Top-ranked American Andy Roddick, among the 2009 U.S. Open championship favorites six years after he won the tournament, Saturday night was sent packing by third-year pro John Isner in another late grapple in the Apple of the sort that have come to define the Open.
Isner, the 6-9 former University of Georgia all-American, was tiring badly as the day-session match strained toward its 9:23 p.m. finish, almost 2 1/2 hours after the Open's night session was supposed to start.
But Isner still was calm, and he still was very tall, right to the end - a factor Roddick judged to be key in Isner's 7-6 (3), 6-3, 3-6, 5-7, 7-6 (5) third-round victory.
"Obviously, hands down, biggest win of my career," Isner said. "Nothing even compares. I know I can really do some damage here now."
They wrestled each other for three hours and 51 minutes on virtually even terms, even though Roddick, at No. 5 ranked 50 places higher than Isner, was eyebrow deep in trouble after losing the first two sets.
Ultimately, Roddick would lose his serve only one time - and Isner only twice - but "there's a lot that's out of your hands with the way he plays," Roddick said.
"You can't teach 6-9. So it's not like the majority of matches that you play. Bottom line for the entire match is that he played great in the breakers; he rolled the dice . . . It's a tough one to lose, especially after coming back all the way."
Isner pressed Roddick not only with his blowtorch serve - he hit 38 aces to Roddick's 20 - but also with his looming presence. His 67 trips to the net, from whence he scored 42 winners, virtually blocked Roddick's view of the court, leaving him nowhere to go with the ball. Roddick, by contrast, scored on 13 of 27 net attacks.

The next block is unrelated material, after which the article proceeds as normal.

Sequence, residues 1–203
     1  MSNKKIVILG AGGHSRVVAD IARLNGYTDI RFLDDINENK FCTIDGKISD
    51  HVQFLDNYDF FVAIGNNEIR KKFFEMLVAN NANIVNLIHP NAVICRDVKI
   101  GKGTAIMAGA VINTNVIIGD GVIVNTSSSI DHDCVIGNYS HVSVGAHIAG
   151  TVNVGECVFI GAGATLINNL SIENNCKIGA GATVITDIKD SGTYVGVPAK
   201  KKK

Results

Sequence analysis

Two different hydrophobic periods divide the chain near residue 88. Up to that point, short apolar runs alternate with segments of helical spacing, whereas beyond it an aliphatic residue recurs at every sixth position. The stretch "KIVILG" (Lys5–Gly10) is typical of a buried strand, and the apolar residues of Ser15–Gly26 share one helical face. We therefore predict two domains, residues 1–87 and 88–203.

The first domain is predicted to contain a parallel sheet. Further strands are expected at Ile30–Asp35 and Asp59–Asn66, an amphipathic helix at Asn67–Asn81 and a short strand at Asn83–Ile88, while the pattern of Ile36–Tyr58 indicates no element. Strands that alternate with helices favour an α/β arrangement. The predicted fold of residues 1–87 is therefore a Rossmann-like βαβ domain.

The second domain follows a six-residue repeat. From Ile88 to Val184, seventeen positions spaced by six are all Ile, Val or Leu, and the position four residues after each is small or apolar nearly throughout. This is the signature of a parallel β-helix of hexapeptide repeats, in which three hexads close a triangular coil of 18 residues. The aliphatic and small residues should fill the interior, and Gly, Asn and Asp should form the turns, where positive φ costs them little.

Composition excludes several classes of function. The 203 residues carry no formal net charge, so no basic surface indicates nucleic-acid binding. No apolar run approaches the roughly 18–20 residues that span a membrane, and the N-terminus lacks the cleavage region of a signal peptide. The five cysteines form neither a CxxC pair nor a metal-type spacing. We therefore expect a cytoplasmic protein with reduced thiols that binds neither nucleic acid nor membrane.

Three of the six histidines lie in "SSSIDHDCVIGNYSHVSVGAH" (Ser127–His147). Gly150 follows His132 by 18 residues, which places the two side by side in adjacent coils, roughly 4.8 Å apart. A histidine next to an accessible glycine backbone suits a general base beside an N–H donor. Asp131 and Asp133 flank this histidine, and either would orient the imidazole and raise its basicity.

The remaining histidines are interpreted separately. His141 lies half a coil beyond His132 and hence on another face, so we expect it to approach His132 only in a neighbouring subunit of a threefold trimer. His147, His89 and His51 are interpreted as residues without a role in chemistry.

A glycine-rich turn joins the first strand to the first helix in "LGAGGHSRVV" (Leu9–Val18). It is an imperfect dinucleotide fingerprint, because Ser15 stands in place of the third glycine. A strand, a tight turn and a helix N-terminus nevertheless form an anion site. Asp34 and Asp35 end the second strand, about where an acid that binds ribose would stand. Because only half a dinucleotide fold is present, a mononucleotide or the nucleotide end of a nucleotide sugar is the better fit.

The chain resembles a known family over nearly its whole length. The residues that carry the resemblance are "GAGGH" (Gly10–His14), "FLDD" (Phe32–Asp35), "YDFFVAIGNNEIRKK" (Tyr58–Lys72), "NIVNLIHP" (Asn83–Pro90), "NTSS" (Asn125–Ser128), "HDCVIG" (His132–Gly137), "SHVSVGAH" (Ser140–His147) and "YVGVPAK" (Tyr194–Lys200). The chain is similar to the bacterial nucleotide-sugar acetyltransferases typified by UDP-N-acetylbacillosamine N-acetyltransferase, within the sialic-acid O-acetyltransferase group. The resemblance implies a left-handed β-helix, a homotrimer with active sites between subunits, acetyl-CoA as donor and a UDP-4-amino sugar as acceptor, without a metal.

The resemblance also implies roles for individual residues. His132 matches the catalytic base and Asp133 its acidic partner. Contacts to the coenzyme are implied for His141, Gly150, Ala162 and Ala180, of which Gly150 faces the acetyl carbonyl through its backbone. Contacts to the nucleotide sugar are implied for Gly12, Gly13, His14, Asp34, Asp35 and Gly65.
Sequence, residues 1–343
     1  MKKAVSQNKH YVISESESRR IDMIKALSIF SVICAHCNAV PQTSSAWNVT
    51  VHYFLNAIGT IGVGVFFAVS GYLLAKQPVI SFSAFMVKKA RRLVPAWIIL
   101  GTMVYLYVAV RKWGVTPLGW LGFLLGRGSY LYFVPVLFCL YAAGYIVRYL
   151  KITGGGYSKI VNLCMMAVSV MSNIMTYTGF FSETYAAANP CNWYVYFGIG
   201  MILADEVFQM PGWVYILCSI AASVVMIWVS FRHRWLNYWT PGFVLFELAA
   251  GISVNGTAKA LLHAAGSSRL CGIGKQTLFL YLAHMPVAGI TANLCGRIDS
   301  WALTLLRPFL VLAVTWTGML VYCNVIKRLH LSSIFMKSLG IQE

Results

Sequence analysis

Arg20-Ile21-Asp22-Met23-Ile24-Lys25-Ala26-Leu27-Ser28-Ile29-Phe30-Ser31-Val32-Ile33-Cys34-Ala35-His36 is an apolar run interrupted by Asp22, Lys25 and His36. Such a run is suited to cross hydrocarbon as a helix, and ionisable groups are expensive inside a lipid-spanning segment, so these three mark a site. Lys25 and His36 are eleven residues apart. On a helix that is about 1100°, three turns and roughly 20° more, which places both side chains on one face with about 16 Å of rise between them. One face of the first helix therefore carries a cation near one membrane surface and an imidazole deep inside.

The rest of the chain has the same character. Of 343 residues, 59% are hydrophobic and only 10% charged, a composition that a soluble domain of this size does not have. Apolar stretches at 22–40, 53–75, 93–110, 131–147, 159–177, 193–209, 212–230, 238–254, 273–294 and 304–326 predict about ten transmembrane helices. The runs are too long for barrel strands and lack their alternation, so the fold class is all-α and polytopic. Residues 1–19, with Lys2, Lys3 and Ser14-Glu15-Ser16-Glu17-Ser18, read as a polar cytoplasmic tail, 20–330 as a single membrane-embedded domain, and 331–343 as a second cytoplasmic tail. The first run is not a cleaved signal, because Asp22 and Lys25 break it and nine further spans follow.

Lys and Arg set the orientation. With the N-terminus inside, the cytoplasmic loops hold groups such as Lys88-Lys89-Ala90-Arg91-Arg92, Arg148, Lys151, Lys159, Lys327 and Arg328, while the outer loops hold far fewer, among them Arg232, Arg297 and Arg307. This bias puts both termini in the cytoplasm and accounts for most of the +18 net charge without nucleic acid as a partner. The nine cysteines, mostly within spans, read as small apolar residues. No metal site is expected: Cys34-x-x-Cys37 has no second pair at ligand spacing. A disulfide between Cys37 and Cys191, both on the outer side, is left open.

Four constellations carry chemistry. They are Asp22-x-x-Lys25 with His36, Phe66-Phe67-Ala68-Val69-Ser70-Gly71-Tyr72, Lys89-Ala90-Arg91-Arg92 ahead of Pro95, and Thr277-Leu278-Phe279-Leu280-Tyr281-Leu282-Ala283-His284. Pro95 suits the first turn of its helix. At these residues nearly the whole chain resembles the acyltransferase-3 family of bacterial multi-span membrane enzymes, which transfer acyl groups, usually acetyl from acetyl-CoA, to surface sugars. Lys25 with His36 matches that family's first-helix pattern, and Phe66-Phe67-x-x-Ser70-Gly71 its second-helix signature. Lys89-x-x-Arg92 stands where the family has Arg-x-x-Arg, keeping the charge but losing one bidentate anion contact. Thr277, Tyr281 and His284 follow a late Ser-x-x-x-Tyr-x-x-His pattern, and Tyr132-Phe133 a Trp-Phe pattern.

"I don't know what the deal is now," the 6-2 Roddick said. "I was actually kind of tall when I first came on tour. That's just not close to the case anymore. It's not like I'm giving up an inch. I'm giving up a good five inches to the majority of my opponents this summer."
Still, Roddick used his noticeably improved fitness to hang around, and serving at 4-5, 30-40 in the fourth set, saved the first of four match points against him by striking an ace. Isner then hit a patch of sketchy play, spraying his forehand, allowing Roddick an 11th game break, and Roddick quickly served out the set and triggered a "Rod-dick! Rod-dick! Rod-dick!" chant among the thoroughly involved Arthur Ashe Stadium fans.
Isner, whose first Ashe Stadium appearance came two years ago when he took a set off Roger Federer in a third-round match just two months after his final college match, began to stroll ever slower between points, obviously wearing down physically. But the howitzer serves kept coming right through the fifth-set tiebreaker.
When Isner got a mini-break to go up 4-2 with a sharp cross-court backhand pass, the end was very near. And a young new American player - Isner is 24 - was in the tennis spotlight.
"I'm happy for him," Roddick said. "I'm mad, obviously, that it came at my expense. It wasn't about executing or how well I was hitting the ball. But, at this point, that doesn't make it better or easier, considering I'm out."